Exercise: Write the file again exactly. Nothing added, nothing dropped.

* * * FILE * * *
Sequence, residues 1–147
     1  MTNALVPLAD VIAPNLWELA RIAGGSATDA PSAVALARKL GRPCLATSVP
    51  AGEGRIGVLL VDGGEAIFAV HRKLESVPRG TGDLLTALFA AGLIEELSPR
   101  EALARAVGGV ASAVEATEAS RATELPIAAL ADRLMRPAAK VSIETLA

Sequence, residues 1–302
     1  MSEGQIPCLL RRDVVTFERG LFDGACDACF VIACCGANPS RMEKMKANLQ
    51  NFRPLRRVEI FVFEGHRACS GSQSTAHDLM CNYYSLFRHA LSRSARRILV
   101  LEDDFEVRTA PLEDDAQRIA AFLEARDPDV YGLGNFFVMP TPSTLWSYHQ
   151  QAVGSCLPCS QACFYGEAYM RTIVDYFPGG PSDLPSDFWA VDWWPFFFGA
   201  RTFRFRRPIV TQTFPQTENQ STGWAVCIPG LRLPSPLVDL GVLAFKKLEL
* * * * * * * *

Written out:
Sequence, residues 1–147
     1  MTNALVPLAD VIAPNLWELA RIAGGSATDA PSAVALARKL GRPCLATSVP
    51  AGEGRIGVLL VDGGEAIFAV HRKLESVPRG TGDLLTALFA AGLIEELSPR
   101  EALARAVGGV ASAVEATEAS RATELPIAAL ADRLMRPAAK VSIETLA

Sequence, residues 1–302
     1  MSEGQIPCLL RRDVVTFERG LFDGACDACF VIACCGANPS RMEKMKANLQ
    51  NFRPLRRVEI FVFEGHRACS GSQSTAHDLM CNYYSLFRHA LSRSARRILV
   101  LEDDFEVRTA PLEDDAQRIA AFLEARDPDV YGLGNFFVMP TPSTLWSYHQ
   151  QAVGSCLPCS QACFYGEAYM RTIVDYFPGG PSDLPSDFWA VDWWPFFFGA
   201  RTFRFRRPIV TQTFPQTENQ STGWAVCIPG LRLPSPLVDL GVLAFKKLEL